What Makes a Face? Art and Science Team Up to Find Out

From the man in the moon to the slots of an electrical outlet, people can spot faces just about everywhere.

As part of a larger Bass Connections project exploring how our brains make sense of faces, a Duke team of students and faculty is using state-of-the-art eye-tracking to examine how the presence of faces — from the purely representational to the highly abstract — influences our perception of art.

The Making Faces exhibit is on display in the Nasher Museum of Art’s Academic Focus Gallery through July 24th.

The artworks they examined are currently on display at the Nasher Museum of Art in an installation titled, “Making Faces: At the Intersection of Art and Neuroscience.”

“Faces really provide the most absorbing source of information for us as humans,” Duke junior Sophie Katz said during a gallery talk introducing the installation last week. “We are constantly attracted to faces and we see them everywhere. Artists have always had an obsession with faces, and recently scientists have also begun grappling with this obsession.”

Katz said our preoccupation with faces evolved because they provide us with key social cues, including information about another individual’s gender, identity, and emotional state. Studies using functional Magnetic Resonance Imaging (fMRI) even indicate that we have a special area of the brain, called the fusiform face area, that is specifically dedicated to processing facial information.

The team used eye-tracking in the lab and newly developed eye-tracking glasses in the Nasher Museum as volunteers viewed artworks featuring both abstract and representational images of faces. They created “heat maps” from these data to illustrate where viewers gazed most on a piece of art to explore how our facial bias might influence our perception of art.

This interactive website created by the team lets you observe these eye-tracking patterns firsthand.

When looking at faces straight-on, most people direct their attention on the eyes and the mouth, forming a triangular pattern. Katz said the team was surprised to find that this pattern held even when the faces became very abstract.

“Even in a really abstract representation of a face, people still scan it like they would a face. They are looking for the same social information regardless of how abstract the work is,” said Katz.


A demonstration of the eye-tracking technology used to track viewers gaze at the Nasher Museum of Art. Credit: Shariq Iqbal, John Pearson Lab, Duke University.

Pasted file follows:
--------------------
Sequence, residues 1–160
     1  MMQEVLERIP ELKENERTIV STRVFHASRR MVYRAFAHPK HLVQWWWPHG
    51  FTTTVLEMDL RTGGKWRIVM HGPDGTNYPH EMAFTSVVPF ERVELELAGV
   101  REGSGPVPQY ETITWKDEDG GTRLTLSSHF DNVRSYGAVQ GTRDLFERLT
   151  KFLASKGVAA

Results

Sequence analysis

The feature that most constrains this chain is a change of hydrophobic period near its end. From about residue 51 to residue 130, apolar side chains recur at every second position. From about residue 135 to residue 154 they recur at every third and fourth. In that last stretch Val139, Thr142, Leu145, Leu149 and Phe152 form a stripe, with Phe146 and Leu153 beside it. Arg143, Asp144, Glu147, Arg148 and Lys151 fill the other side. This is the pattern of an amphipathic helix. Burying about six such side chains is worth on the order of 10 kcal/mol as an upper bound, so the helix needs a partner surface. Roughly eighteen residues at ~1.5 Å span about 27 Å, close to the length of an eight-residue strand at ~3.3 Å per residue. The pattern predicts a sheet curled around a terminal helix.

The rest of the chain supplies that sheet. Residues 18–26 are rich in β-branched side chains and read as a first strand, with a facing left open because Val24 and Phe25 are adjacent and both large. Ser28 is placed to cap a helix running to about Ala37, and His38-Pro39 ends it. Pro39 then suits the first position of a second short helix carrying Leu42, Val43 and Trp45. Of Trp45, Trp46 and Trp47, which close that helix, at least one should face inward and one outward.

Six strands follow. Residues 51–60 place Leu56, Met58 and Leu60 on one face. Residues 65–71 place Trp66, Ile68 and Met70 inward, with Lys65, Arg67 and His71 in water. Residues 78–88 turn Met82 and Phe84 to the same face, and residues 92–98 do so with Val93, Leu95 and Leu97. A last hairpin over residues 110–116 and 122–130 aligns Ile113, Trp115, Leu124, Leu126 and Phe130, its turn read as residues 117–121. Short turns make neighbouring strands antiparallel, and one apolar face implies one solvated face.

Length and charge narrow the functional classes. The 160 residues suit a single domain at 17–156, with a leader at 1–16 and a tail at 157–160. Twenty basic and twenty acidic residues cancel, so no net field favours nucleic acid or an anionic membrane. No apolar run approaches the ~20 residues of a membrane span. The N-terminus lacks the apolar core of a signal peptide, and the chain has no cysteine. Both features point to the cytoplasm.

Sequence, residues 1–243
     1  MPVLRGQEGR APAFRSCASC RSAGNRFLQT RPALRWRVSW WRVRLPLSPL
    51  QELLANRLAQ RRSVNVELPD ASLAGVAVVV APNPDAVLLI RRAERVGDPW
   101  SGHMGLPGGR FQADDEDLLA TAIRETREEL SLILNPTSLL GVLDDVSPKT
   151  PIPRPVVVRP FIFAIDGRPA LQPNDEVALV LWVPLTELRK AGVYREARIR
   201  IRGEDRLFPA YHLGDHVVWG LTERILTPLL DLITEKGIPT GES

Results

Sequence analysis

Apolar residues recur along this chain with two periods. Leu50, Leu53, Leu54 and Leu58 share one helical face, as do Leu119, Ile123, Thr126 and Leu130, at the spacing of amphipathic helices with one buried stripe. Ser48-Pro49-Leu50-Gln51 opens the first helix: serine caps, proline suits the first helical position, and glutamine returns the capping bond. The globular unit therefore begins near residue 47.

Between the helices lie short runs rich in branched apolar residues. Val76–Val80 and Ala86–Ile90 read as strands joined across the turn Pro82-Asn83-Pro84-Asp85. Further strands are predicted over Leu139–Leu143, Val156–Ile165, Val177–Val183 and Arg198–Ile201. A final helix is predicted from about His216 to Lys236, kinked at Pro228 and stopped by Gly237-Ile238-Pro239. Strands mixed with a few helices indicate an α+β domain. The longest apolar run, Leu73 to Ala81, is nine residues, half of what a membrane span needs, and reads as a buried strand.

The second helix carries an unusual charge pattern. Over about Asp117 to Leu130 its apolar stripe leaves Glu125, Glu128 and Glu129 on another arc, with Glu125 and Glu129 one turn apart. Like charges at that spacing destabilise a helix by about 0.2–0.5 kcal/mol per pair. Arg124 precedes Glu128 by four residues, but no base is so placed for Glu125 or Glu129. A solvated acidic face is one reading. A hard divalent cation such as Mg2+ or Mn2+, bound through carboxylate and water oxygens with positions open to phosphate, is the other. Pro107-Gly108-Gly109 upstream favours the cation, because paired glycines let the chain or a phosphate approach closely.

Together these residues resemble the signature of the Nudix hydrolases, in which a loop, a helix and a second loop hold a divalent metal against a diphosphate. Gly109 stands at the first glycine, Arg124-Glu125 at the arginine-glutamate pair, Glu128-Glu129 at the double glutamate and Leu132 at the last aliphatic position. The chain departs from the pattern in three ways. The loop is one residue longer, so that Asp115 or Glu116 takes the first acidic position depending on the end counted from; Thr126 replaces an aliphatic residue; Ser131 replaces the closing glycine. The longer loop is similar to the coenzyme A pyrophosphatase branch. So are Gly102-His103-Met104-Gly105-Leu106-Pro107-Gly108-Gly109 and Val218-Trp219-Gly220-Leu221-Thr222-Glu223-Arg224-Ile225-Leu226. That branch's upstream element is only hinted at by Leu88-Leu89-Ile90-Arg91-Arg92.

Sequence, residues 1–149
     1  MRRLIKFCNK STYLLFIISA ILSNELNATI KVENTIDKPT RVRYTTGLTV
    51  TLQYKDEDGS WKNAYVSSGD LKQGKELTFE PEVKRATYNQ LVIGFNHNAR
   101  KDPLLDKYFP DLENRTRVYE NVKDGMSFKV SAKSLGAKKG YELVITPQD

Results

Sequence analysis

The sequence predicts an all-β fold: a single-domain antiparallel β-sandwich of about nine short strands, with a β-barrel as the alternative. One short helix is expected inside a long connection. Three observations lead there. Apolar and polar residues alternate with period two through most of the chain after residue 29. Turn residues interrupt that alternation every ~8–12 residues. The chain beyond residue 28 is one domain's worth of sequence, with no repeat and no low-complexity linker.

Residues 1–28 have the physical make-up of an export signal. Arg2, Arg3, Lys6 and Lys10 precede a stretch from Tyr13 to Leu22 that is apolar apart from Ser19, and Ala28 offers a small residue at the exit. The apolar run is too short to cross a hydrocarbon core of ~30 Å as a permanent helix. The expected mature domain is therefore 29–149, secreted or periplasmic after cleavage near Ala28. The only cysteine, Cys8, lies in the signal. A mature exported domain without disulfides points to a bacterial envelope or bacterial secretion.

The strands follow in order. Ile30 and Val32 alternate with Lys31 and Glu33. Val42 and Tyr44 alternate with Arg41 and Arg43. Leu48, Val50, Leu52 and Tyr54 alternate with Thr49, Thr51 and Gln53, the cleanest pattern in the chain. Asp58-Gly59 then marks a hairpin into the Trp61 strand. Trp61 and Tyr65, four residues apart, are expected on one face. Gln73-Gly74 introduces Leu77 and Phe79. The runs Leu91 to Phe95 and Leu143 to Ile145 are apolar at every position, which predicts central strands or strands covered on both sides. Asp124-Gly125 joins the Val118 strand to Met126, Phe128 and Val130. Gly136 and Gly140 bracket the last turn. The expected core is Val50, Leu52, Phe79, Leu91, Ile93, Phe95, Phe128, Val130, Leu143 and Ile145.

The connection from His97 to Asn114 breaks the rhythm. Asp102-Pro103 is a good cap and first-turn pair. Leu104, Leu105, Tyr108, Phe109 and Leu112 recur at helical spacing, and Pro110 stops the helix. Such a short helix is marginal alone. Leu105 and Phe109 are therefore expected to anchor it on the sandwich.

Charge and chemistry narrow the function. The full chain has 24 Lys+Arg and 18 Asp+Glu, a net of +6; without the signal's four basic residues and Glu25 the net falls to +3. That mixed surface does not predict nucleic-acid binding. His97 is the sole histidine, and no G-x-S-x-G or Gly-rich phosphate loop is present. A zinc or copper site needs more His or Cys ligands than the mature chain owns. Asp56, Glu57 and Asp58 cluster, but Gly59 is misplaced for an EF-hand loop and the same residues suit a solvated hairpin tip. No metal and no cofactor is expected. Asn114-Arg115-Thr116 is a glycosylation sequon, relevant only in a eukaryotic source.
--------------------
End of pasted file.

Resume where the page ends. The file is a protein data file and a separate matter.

Sophomore Anuhita Basavaraju pointed out how a Lonnie Holley piece titled “My Tear Becomes the Child,” in which three overlapping faces and a seated figure emerge from a few contoured lines, demonstrates how artists are able to play with our facial perception.

“There really are very few lines being used, but at the same time it’s so intricate, and generates the interesting conversation of how many lines are there, and which face you see first,” said Basavaraju. “That’s what’s so interesting about faces. Because human evolution has made us so drawn towards faces, artists are able to create them out of really very few contours in a really intricate way.”

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Sophomore Anuhita Basavaraju discusses different interpretations of the face in Pablo Picasso’s “Head of a Woman.”

In addition to comparing ambiguous and representational faces, the team also examined how subtle changes to a face, like altering the color contrast or applying a mask, might influence our perception.

Sophomore Eduardo Salgado said that while features like eyes and a nose and mouth are the primary components that allow our brains to construct a face, masks may remove the subtler dimensions of facial expression that we rely on for social cues.

For instance, participants viewing a painting titled “Decompositioning” by artist Jeff Sonhouse, which features a masked man standing before an exploding piano, spent most of their time dwelling on the man’s covered face, despite the violent scene depicted on the rest of the canvas.

“When you cover a face, it’s hard to know what the person is thinking,” Salgado said. “You lack information, and that calls more attention to it. If he wasn’t masked, the focus on his face might have been less intense.”

In connection with the exhibition, Nasher MUSE, DIBS, and the Bass Connections team will host visiting illustrator Hanoch Piven this Thursday April 7th and Friday April 8th  for a lunchtime conversation and hands-on workshop about his work creating portraits with found objects.

Making Faces will be on display in the Nasher Museum of Art’s Academic Focus Gallery through July 24th.

Kara J. Manke, PhD

Post by Kara Manke


This entry was posted on Wednesday, April 6th, 2016 at 9:20 am and is filed under Art, Behavior/Psychology, Computers/Technology, Neuroscience, Students, Visualization. You can follow any responses to this entry through the RSS 2.0 feed. Both comments and pings are currently closed.

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